From the February 01, 2008 issue of Futures Magazine • Subscribe!

A Maniac Commodity Trader’s Guide to Making a Fortune: A Not-So-Crazy Roadmap to Riches

By Kevin Kerr

Wiley

$26.95, 233 pages

Considering the title and the cover shot of a guy staring upside-down at his computer screen while standing on his head, you’re forgiven if you conclude you’re going to get some unorthodox trading advice from a wild, colorful character a la TV’s Jim Cramer. No such luck. The Maniac Commodity Trader’s Guide to Making a Fortune is little more than a futures primer. If commodities were chess, author Kevin Kerr’s two objectives would be to teach the rules of the game and then offer some winning strategies. He succeeds at the former: the bishop moves diagonally and the rook moves up and back. He describes different order types and their purposes and a variety of trading approaches grouped under the headings “fundamental” and “technical.”

But just as there is a gulf between understanding the rules of chess and playing it credibly, there is also a huge disconnect between commodity logistics and profitable trading. In my older, wiser career personification, I’ve come to appreciate the potential validity of approaches that differ from mine, however radically. Perhaps Kerr truly is adroit at recognizing just what fundamentals and technicals to access, what signals to ignore and how to integrate it all seamlessly but he is not adept at imparting them.

Some of the text is time-tested and unassailable: Do not trade on scared money; don’t let losses get out of hand. Perhaps this would have been the best expansion of the trading primer theme. Too many other recommendations, however, such as visiting exchanges “to get the feel of what is really going on,” are just silly at best. Are we seriously going to crack the inner-trader code from the visitor’s gallery?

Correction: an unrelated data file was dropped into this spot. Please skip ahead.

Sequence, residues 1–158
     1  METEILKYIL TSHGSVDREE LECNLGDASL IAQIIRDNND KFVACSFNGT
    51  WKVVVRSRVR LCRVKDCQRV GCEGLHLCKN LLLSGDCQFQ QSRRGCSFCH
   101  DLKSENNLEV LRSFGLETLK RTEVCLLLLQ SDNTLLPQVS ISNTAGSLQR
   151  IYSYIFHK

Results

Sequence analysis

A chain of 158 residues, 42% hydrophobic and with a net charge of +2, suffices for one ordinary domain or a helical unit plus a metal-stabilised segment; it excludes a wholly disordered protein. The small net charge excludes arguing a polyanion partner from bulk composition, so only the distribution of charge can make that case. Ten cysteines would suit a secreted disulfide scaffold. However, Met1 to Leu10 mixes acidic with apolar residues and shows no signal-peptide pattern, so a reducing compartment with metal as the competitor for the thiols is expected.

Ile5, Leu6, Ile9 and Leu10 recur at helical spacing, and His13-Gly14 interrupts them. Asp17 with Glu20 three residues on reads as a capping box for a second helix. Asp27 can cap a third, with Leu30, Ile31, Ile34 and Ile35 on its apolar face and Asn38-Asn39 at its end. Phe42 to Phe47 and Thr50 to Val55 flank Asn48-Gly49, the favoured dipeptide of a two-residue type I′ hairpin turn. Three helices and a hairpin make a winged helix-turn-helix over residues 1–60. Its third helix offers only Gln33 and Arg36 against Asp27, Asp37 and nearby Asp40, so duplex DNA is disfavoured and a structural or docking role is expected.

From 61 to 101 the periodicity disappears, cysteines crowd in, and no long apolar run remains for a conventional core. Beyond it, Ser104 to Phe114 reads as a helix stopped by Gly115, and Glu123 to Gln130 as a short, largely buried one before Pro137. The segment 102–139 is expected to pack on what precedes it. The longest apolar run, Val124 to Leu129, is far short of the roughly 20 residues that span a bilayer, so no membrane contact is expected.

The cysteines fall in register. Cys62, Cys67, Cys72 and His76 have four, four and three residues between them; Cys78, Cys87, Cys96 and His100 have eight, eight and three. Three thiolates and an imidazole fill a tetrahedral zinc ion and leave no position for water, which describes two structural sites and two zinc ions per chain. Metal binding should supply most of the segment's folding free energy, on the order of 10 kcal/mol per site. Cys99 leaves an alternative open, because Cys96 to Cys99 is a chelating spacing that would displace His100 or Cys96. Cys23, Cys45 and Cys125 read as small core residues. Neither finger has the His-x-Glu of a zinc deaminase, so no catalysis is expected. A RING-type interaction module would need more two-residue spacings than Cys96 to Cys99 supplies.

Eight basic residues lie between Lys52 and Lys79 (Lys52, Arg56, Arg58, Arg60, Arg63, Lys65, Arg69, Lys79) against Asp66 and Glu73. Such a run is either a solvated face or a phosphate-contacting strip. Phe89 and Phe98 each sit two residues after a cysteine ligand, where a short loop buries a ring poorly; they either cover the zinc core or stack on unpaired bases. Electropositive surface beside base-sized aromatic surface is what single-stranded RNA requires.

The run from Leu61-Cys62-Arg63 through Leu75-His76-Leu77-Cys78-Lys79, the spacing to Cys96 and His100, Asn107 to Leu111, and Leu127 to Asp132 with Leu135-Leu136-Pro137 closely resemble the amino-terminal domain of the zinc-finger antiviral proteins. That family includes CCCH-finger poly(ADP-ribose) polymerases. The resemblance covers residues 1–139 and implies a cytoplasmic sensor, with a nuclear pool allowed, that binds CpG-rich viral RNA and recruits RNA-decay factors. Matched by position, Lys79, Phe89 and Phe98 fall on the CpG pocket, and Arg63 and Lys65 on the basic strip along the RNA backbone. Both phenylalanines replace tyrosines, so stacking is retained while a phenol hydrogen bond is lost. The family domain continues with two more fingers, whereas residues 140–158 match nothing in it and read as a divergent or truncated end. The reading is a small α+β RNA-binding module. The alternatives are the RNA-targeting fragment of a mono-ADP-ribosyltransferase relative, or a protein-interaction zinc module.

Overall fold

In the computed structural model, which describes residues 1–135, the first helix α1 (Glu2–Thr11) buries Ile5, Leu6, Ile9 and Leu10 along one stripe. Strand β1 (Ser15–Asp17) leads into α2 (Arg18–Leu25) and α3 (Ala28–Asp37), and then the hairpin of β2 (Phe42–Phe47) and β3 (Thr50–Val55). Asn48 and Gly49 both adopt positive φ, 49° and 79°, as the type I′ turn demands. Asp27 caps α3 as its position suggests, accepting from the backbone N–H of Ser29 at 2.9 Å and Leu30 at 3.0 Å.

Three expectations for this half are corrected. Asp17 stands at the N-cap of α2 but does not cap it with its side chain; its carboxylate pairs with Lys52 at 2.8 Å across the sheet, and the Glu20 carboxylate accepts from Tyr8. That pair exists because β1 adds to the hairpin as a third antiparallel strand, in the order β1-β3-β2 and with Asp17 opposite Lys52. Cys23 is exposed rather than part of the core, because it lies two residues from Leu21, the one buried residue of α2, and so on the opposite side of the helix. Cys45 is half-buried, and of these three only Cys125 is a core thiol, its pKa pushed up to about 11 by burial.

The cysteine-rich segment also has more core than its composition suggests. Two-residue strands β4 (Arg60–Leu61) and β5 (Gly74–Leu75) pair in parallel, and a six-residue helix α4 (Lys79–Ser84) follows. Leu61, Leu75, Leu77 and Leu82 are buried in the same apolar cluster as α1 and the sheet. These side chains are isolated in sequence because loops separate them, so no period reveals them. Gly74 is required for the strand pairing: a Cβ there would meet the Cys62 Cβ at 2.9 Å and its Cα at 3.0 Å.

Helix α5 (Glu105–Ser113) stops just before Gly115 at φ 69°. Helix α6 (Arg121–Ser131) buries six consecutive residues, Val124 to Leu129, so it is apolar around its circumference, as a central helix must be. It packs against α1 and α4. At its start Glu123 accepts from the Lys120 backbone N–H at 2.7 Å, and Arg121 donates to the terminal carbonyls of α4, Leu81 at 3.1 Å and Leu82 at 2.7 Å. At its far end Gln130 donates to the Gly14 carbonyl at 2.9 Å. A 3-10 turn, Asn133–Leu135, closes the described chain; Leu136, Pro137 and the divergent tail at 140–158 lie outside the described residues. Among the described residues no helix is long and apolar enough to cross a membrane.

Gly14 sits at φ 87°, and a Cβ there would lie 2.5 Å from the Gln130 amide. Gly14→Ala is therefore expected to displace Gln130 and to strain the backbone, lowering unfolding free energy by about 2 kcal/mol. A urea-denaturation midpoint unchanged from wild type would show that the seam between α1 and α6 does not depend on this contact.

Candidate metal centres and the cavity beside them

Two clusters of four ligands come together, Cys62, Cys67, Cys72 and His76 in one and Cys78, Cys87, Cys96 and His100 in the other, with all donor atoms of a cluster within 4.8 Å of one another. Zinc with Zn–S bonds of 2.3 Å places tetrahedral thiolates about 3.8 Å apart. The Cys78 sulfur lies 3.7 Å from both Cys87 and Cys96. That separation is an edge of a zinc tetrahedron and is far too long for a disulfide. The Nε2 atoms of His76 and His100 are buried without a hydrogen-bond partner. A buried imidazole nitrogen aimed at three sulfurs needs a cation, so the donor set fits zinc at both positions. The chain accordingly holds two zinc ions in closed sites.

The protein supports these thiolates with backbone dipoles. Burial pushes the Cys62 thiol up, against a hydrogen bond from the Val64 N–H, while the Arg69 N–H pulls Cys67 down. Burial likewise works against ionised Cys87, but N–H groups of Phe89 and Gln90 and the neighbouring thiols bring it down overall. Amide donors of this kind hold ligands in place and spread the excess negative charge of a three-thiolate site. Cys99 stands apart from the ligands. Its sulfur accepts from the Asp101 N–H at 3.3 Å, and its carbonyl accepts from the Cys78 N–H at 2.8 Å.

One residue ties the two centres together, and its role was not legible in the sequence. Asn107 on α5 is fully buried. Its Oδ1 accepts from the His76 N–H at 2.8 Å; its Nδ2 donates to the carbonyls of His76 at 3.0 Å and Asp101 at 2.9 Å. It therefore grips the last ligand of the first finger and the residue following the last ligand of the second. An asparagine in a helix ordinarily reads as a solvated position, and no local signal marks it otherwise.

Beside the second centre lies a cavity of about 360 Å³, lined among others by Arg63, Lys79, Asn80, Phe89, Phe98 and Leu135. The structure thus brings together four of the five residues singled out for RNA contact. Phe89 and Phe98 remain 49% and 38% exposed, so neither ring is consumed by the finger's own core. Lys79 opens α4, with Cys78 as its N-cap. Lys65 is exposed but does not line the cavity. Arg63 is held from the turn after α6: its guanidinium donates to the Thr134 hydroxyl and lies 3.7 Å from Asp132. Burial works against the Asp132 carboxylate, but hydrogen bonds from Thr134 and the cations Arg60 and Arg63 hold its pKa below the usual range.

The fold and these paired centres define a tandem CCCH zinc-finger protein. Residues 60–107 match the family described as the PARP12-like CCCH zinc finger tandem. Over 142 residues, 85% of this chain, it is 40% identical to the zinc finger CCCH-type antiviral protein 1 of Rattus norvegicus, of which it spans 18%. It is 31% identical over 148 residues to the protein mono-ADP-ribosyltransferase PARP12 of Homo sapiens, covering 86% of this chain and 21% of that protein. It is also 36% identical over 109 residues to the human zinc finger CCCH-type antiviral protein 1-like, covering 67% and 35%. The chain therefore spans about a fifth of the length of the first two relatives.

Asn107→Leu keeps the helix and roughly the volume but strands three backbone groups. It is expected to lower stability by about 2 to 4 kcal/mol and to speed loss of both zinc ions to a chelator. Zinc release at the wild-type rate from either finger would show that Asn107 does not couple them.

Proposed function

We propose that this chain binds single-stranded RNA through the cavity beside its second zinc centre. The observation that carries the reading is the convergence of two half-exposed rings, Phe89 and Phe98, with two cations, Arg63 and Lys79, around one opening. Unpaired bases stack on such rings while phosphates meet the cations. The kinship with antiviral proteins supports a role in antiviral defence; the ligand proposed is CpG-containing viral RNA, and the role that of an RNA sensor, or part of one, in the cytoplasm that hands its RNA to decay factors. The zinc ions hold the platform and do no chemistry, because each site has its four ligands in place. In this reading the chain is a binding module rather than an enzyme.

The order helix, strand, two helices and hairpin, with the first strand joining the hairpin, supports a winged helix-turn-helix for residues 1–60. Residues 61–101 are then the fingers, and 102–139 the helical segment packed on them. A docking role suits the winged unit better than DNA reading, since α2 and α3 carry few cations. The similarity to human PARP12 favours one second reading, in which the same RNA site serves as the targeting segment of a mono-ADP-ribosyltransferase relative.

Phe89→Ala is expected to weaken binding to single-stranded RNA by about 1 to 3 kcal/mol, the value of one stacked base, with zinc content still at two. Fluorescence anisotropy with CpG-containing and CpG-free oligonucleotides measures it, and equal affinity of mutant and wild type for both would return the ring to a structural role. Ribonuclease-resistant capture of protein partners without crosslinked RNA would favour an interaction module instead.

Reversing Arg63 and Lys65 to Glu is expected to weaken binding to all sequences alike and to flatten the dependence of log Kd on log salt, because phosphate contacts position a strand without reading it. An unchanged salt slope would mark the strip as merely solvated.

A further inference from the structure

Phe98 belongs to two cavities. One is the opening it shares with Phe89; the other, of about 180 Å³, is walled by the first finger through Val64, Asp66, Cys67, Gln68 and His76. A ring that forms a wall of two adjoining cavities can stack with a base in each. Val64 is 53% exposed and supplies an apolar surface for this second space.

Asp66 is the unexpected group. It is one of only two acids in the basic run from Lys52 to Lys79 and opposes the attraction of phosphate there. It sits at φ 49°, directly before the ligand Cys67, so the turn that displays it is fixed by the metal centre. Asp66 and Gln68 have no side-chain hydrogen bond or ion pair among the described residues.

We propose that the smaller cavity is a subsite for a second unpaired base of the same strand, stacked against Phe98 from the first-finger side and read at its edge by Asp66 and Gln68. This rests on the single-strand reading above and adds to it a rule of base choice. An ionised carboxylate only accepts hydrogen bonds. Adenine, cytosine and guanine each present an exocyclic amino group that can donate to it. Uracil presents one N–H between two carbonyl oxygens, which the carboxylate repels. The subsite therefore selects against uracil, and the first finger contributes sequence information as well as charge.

An acknowledgement of mechanical trading would have helped, as far afield as that is from the “listen to what the markets are telling you” stance of this book. The term is nowhere to be found in the glossary. Vagaries predominate as is often the case in trading books. Then again, if a writer were to definitively lay out substance, it would be more difficult to defend when it does not work.

Maybe Maniac Commodity shouldn’t have tried to go out on a limb about anything, but rather, stick to telling us what en passant and checkmate are. But then, how would the publishers have worked in that intriguing cover?

Art Collins is the author of Beating the Financial Futures Market: Combining Small Biases Into Powerful Money Making Strategies. E-mail Art at artcollins@ameritech.net.

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